The short answer is none of the above. I have to decide if it's a project I think I can sell to a publisher. Some ideas have been wonderful, but the reading audience for that topic is too small. Or there are already too many books on the topic. These days, personal experience books are difficult to sell; fiction is also in a heavy downswing.
If the idea sticks with me, I play around with it until some form or structure comes into my head.
The one thing that hasn't failed is this: When I know the first sentence, I'm ready to write. (I may edit that sentence five times, but it tells me where to begin.) Once that happens, the book begins to unfold and takes shape.
I want to add that I'm a runner. Usually the idea turns around inside my head, and one day when I'm hitting the pavements that first sentence pops out. Then I know I'm ready to begin. This is just as true whether it's my own book or a manuscript I'm writing for someone else.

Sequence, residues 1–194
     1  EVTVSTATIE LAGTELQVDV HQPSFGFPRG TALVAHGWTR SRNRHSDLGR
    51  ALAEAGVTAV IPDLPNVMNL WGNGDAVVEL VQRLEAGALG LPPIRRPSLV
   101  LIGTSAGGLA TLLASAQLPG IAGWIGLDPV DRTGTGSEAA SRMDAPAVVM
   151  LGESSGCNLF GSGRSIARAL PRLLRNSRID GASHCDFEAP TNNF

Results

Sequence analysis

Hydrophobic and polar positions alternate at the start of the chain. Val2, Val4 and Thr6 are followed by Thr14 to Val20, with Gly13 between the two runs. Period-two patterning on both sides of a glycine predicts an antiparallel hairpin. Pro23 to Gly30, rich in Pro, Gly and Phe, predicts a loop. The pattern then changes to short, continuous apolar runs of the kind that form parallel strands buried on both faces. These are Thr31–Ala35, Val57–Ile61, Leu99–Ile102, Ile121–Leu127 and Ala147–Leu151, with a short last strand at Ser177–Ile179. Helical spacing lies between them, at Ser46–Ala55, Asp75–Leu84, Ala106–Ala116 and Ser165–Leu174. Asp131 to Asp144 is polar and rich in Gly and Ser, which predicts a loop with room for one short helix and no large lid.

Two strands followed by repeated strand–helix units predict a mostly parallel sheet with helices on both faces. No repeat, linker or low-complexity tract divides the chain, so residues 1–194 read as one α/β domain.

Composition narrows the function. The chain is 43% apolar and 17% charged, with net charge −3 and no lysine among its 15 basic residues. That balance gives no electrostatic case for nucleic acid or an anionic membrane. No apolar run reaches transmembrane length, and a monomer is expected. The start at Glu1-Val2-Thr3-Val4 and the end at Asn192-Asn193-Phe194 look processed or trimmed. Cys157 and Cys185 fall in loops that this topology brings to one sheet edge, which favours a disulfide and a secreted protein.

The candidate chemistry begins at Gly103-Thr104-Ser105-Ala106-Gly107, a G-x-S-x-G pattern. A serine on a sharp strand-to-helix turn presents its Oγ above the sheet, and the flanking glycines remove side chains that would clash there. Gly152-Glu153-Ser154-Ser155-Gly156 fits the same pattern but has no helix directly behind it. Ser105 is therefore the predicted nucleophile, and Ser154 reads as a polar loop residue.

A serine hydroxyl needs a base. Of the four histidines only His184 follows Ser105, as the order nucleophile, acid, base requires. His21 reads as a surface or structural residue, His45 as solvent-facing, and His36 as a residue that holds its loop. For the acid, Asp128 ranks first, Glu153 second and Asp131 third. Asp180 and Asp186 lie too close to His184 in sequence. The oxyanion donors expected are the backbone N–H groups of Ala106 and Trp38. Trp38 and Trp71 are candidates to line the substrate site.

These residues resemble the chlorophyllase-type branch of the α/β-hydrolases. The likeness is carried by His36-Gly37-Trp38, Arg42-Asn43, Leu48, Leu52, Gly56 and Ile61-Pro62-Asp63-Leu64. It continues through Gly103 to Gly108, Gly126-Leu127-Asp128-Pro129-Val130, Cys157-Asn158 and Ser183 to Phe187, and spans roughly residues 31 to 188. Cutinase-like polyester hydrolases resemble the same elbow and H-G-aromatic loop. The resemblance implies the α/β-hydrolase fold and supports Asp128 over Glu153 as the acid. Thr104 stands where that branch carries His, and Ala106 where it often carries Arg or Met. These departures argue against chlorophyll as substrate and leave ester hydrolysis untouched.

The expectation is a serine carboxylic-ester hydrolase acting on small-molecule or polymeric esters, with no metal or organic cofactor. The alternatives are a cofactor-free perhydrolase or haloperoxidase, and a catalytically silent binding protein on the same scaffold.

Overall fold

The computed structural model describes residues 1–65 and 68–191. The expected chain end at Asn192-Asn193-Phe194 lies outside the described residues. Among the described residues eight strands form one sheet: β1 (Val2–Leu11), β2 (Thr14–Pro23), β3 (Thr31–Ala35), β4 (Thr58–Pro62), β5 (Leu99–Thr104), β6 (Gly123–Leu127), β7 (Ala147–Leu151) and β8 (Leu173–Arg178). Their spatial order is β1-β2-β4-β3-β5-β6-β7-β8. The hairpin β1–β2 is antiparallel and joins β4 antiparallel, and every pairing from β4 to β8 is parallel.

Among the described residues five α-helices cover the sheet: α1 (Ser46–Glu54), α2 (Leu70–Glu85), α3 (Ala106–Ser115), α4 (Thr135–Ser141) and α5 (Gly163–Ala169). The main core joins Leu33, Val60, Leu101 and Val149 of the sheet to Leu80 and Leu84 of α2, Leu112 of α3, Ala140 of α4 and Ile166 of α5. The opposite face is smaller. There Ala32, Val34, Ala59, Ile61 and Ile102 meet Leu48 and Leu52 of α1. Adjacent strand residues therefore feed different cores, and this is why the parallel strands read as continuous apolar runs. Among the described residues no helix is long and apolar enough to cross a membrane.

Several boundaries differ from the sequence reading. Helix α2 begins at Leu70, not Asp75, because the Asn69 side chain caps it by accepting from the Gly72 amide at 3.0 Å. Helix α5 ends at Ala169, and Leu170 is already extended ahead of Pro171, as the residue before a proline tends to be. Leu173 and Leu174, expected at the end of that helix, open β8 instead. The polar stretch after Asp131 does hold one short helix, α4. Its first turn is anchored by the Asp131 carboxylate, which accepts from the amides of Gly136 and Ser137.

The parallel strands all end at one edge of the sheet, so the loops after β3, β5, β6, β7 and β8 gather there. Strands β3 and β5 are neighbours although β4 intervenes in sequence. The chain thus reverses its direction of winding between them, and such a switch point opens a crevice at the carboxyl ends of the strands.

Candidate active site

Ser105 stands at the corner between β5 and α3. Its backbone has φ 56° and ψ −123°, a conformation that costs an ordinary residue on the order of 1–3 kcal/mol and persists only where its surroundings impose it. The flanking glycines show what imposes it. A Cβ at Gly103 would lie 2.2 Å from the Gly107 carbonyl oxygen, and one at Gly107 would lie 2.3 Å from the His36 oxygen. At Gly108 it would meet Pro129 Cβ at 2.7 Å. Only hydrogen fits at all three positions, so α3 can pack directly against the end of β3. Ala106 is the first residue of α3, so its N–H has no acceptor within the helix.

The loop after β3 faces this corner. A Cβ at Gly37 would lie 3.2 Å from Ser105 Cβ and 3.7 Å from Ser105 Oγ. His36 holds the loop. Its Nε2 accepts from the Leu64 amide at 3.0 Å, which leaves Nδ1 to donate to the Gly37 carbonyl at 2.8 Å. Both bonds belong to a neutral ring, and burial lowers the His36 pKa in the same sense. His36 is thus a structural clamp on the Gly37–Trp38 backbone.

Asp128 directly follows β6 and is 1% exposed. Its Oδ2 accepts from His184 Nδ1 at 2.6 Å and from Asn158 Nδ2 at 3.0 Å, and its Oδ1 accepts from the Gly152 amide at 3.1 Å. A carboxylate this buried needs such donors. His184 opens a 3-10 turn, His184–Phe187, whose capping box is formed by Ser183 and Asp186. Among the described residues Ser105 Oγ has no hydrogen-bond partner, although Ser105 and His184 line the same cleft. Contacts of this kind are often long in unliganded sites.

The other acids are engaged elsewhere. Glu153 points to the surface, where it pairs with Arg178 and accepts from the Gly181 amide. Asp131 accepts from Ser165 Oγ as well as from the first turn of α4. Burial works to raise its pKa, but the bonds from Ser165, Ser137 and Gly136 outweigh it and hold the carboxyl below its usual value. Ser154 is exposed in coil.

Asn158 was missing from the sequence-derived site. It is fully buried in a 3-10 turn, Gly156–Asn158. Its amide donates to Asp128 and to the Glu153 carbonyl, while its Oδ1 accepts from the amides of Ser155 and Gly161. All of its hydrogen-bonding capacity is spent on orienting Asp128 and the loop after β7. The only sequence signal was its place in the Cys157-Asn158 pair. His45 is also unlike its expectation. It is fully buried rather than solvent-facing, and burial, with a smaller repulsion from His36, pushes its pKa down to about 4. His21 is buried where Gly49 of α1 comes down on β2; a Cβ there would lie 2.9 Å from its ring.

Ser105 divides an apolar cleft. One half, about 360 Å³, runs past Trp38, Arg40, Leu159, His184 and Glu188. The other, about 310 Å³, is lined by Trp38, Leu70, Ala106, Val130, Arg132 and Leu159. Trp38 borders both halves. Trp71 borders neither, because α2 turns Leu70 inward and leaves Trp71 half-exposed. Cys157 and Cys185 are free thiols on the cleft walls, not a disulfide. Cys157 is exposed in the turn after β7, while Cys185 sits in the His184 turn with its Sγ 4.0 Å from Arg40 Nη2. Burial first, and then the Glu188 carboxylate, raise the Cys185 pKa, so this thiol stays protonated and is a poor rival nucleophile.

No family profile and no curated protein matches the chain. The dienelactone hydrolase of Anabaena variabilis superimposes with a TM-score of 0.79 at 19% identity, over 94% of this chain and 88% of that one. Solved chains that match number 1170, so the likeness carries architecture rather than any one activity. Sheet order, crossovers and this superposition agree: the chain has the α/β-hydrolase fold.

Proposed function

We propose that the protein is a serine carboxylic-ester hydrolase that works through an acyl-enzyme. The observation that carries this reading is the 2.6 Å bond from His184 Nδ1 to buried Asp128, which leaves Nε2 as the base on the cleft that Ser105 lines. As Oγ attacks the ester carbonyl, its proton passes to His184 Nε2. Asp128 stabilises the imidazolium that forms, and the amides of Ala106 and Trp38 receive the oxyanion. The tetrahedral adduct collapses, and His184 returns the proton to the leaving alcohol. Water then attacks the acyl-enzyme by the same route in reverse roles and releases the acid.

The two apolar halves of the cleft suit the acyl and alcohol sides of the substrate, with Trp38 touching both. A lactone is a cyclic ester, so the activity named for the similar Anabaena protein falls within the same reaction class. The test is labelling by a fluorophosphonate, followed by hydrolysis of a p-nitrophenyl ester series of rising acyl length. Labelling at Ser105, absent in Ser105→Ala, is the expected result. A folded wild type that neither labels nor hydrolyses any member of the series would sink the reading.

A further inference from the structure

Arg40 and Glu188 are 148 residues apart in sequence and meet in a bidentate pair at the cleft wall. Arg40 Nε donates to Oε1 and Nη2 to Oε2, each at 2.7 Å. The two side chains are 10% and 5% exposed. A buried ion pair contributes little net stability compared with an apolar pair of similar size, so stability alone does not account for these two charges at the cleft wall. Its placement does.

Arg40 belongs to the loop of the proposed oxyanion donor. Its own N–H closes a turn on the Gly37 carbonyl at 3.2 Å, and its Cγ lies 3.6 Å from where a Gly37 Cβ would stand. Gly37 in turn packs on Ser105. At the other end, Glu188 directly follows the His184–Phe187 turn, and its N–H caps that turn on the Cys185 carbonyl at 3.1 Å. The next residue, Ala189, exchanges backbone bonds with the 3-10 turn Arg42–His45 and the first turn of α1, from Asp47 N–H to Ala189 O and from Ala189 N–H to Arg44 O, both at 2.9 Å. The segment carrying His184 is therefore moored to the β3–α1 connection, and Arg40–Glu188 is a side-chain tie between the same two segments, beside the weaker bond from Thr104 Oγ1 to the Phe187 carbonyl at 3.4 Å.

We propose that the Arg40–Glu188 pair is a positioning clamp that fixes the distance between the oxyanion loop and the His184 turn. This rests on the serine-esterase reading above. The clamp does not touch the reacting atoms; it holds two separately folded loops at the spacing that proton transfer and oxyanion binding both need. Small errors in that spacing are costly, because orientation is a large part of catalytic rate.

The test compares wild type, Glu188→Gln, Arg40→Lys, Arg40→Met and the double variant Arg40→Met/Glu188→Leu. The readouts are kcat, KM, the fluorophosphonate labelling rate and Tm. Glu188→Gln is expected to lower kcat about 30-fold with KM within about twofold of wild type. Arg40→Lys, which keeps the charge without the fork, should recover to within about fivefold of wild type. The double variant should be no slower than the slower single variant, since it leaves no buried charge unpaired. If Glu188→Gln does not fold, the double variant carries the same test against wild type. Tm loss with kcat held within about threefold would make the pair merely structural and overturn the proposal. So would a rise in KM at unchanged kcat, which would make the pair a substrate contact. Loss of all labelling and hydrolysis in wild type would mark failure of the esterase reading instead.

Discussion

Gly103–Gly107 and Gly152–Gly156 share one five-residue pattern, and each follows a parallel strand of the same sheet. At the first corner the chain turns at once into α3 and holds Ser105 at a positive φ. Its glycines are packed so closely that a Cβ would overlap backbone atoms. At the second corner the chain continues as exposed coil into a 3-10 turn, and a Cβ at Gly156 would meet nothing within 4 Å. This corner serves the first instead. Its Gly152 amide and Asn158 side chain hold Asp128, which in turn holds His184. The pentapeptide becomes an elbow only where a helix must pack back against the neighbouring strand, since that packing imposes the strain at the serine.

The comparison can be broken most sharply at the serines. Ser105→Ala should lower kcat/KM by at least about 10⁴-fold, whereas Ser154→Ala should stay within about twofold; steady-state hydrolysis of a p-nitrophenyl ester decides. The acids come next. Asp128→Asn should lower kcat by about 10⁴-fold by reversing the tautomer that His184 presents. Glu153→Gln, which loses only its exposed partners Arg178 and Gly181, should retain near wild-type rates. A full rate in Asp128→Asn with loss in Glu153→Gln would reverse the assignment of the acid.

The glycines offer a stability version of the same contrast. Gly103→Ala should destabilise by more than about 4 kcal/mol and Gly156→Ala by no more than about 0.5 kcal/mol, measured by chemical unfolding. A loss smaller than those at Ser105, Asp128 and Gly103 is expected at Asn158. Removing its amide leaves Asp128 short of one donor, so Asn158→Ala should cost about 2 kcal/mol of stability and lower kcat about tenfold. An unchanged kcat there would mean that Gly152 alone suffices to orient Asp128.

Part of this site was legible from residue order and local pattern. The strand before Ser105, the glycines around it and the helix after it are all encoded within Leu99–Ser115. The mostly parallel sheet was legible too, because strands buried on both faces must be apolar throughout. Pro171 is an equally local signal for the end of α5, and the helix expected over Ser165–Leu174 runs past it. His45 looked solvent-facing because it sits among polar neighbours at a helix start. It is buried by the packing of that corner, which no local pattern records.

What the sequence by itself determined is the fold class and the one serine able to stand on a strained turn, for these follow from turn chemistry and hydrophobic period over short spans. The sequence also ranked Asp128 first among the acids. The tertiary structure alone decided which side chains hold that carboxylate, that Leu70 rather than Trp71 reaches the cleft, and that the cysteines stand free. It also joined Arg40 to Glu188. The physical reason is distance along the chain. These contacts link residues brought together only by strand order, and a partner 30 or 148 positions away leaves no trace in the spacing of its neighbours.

For me, marketing is one of the last things I consider—other than asking myself if I think it will sell. I'm absolutely terrible at marketing; however, I have a wonderful virtual assistant, Twila Belk, who intuitively knows more about marketing than I could ever learn. So after I write the proposal, I ask Twila to help me. (Please don't tell her; I don't want her to think she's important.)*
The above paragraph is to say that I know what I do best: I write. I could spend much of my efforts in marketing strategies, which I did badly—in the past.
I focus on what I do best;
I get help from those who do what I can't do effectively.
* * * * *
* A note from Twila: Mark this day in history. Cecil Murphey said something nice about me. Wow! But don't tell him I know. He doesn't think I can read. (Twila smiled.)